Running a family business? Protect it from a potential divorce
People don’t start businesses hoping they fail; they don’t marry hoping to divorce. However, both are events that can happen when people take the plunge into marriage or business ownership.
As such, it is crucial to take these possibilities into consideration and make a plan to recover if they should happen. One especially important decision is to complete some comprehensive succession planning.
What does this mean?
Business succession planning involves determining what will happen to business operations and ownership if an owner passes away, retires or divorces.
Consider the recent announcement that Amazon CEO Jeff Bezos and his wife of 25 years are divorcing. Reports suggest that the couple did not have a prenup, as Amazon didn’t even exist when they got married. As such, people speculate that Bezos’ wife MacKenzie will get half of the marital property, including Amazon. However, whether Bezos took other steps to protect Amazon in the event of divorce is unknown.
What will ultimately happen remains to be seen, of course. Though, this situation is a good reminder that succession planning is crucial when a business is a marital asset.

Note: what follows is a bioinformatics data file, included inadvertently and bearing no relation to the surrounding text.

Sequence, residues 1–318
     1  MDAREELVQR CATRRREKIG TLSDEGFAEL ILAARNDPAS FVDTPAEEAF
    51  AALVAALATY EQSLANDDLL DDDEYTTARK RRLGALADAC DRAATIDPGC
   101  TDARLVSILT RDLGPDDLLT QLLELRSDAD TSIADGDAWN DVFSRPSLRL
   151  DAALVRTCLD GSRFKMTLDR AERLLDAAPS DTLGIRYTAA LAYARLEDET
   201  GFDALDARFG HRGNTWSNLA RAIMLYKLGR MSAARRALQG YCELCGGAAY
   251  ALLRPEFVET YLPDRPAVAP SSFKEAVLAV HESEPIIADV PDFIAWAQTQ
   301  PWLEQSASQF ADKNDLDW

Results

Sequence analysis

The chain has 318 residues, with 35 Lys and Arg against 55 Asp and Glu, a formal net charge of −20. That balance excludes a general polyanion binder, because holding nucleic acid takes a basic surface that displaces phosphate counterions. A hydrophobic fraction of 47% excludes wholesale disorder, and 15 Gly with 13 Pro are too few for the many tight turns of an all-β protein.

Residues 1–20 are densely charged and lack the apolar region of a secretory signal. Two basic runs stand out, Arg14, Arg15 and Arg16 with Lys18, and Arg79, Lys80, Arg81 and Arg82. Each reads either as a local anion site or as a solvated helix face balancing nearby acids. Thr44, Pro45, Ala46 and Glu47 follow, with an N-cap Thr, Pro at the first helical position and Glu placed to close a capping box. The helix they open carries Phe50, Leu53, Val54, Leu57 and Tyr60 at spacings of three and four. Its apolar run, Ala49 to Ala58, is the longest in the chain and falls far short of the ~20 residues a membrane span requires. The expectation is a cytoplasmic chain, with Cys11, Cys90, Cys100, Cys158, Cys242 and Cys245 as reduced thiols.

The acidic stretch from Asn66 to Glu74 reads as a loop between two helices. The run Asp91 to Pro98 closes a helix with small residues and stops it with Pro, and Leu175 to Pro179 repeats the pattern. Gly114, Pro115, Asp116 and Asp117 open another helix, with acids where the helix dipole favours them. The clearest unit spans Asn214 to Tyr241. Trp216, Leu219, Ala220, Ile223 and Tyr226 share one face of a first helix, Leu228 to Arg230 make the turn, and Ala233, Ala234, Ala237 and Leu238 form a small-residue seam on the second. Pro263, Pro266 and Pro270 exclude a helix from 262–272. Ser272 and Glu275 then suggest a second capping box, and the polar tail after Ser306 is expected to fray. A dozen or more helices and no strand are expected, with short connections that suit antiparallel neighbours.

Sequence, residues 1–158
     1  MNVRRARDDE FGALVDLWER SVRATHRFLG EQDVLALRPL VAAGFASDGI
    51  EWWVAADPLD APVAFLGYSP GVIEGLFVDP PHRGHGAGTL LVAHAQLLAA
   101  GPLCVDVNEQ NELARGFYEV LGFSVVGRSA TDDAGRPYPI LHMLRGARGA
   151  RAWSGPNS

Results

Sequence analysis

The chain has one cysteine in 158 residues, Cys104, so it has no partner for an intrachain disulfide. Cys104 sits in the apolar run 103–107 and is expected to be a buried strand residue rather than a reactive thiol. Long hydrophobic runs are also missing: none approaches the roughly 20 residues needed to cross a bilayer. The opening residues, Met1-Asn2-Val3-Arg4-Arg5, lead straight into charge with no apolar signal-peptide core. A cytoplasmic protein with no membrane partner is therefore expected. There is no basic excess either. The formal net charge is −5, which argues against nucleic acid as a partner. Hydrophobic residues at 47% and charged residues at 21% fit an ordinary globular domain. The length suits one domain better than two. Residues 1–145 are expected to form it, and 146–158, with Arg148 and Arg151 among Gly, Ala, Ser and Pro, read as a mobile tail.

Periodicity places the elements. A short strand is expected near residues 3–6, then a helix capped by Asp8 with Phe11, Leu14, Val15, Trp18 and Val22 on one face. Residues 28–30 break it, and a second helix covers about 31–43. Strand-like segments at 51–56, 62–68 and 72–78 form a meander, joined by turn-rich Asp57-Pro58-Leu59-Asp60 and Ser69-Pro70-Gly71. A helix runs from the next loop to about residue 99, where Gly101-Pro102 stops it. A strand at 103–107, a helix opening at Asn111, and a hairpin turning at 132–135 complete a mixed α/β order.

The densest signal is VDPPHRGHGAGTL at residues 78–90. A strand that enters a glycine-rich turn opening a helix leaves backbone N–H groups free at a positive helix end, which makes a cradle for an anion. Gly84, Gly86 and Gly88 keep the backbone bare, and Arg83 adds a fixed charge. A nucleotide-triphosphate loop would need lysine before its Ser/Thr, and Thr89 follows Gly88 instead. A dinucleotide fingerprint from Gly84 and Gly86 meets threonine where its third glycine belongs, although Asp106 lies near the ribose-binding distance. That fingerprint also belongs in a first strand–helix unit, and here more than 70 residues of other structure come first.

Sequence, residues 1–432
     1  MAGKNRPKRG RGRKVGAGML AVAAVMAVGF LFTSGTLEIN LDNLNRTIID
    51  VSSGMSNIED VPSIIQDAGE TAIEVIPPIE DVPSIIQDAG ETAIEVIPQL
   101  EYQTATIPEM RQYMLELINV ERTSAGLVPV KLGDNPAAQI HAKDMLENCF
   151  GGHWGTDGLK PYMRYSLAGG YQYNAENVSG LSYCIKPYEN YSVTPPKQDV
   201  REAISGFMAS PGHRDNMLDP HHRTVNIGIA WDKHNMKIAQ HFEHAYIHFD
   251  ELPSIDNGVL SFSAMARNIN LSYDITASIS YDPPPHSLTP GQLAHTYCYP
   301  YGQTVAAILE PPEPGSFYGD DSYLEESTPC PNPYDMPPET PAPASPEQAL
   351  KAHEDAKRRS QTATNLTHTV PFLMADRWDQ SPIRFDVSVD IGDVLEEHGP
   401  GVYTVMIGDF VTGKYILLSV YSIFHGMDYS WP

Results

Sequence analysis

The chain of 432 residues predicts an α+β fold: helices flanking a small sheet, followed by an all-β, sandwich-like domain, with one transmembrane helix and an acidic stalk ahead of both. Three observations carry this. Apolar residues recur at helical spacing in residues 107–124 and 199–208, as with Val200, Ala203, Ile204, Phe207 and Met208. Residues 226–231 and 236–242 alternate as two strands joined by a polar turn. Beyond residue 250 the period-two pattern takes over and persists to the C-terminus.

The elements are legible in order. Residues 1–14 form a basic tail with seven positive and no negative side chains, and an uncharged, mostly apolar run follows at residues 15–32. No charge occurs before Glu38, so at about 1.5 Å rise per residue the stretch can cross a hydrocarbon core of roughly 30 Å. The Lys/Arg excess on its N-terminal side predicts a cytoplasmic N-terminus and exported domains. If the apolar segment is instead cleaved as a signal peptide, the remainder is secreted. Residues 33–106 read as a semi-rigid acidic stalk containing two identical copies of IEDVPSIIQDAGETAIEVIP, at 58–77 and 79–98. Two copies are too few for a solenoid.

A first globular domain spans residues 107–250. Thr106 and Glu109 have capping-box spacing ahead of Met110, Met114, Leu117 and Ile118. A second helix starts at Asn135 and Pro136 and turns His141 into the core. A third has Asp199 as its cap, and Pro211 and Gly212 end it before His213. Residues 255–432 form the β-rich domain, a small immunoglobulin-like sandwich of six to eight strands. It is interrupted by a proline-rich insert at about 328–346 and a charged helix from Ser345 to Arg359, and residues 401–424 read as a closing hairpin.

What can I do?
As this article notes, there are numerous options for what owners can do to shield a business from a divorce. The suggestions include:
Separating business and marital finances
Keeping unnecessary spousal participation in the business to a minimum
Signing a prenuptial or postnuptial agreement to clarify ownership of the business
Having a buy-sell agreement in place
These and other solutions can make it easier to protect the future of a company, whether your goal is to keep a business in the family, protect the business from being sold or prevent divorced spouses from having to run the business together.
Understandably, this can be a complicated topic. Not only are there business logistics to examine, but there may also be family tensions and marital relationships that make the discussions even more complex. Rather than let this stop you from creating an effective plan, you can work with an attorney who can help to make this process easier and less dramatic.